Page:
In 2003 and 2004, President George W. Bush cited NHCO as an outstanding example of compassionate and effective programming during national speeches. In 2006 the Pittsburgh Post Gazette named Fay one of Pittsburgh's top 50 female leaders. In 1997 Fay received the ATHENA Award from the Northern Allegheny County Chamber of Commerce for professionalism and excellence in community service.
Fay holds a BA in Social Welfare from Pennsylvania State University and a Masters of Education from University of Toledo. In 2005, she attended the nonprofit leadership certificate program at Harvard University.
Fay was a beta tester for greatnonprofits.org and its first review monitor.
Nish is the Director of Marketing at Giftly, an SF-based start-up making giftcards more personal and customizable. Nish currently serves on the board of The United Way Bay Area, as well as boards of a few internet start-ups including Signpost, TheIceBreak and of course GreatNonprofits. Before working at Giftly, he led marketing and community efforts at Yelp as Brand Director. To keep even busier, he started a hype clothing line called Rich Kid Cool as a side project.
Hope is the Founder and CEO of Hope Consulting, a boutique strategy firm focused on the social sector. Hope Consulting works with the world's leading foundations and nonprofits, to craft strategies for maximum social change. Clients and funders range from the Rockefeller Foundation to Population Services International.
Prior to Hope Consulting, Hope was a strategy consultant with Marakon Associates, a boutique strategy firm serving Fortune 500 clients. At Marakon, Hope worked with senior leadership of publicly traded healthcare, hospitality, and retail companies on growth strategy. Hope also previously worked at the World Bank, focusing on the design and supervision of a $270M portfolio in health, HIV prevention, rural development, and emergency relief.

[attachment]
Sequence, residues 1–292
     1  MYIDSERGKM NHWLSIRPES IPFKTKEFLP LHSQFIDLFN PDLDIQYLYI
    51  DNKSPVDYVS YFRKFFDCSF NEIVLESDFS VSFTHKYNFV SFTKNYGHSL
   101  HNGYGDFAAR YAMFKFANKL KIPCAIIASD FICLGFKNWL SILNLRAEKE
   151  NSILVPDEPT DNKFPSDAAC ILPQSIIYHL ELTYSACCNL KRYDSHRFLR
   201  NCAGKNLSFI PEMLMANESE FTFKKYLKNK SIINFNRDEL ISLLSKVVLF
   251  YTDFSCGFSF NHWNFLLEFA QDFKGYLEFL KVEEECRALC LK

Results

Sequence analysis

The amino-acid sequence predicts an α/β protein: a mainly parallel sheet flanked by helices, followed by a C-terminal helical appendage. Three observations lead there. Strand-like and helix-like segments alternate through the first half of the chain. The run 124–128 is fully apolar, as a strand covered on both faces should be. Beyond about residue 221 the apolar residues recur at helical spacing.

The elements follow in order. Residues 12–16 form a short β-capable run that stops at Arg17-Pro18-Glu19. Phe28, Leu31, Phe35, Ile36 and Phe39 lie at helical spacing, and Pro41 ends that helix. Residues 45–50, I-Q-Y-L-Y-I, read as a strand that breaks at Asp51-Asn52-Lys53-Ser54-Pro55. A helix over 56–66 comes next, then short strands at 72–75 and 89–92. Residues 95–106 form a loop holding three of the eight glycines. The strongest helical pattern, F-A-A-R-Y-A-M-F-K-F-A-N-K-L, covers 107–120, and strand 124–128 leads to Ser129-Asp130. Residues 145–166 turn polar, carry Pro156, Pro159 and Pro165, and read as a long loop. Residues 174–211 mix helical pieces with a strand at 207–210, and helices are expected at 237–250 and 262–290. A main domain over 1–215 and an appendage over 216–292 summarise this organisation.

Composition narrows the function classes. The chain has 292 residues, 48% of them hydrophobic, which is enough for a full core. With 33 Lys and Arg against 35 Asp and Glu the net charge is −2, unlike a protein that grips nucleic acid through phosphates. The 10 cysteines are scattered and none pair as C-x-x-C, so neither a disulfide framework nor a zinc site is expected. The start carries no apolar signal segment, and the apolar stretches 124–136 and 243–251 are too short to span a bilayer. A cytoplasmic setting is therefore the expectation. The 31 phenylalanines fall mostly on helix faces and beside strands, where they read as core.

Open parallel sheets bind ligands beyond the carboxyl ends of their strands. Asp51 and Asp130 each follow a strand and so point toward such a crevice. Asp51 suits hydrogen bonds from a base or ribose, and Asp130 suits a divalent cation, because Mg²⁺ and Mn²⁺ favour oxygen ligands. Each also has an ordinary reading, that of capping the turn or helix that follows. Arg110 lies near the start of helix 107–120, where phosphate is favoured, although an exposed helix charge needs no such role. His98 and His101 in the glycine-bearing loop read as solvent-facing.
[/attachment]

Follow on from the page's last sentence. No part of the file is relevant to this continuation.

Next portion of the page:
Hope holds a MPA from the Woodrow Wilson School at Princeton University and a BA in Public Policy Analysis from Pomona College, where she graduated with departmental distinction. She has been named an Emerging Leader by the National Council for Community Economic Development.
Susan Nesbitt is currently an independent consultant where she is combining her unique experience in technology and service for high impact, social good engagements. She is working with clients such as Water for People, Institute of International Education/State Department and Craig Newmark. Susan previously was deputy director at Craigslist Foundation, overseeing all program development and supported craigslist Charitable Fund and Craig Newmark's philanthropic endeavors. During this time, Susan was also founding team member of the service aggregation engine All for Good. Deeply involved in all aspects of the organization throughout its lifecycle including partnering with the Obama Administration, fundraising, marketing, partner outreach, and product development. She spent more than five years in product management roles at Yahoo! and shares a patent for a financial information portal. Susan also spent several years in the digital music industry, most notably at Shawn Fanning's SNOCAP and then at the open source media player Songbird. Susan is a native of Chicago and got her BSBA at the University of Denver.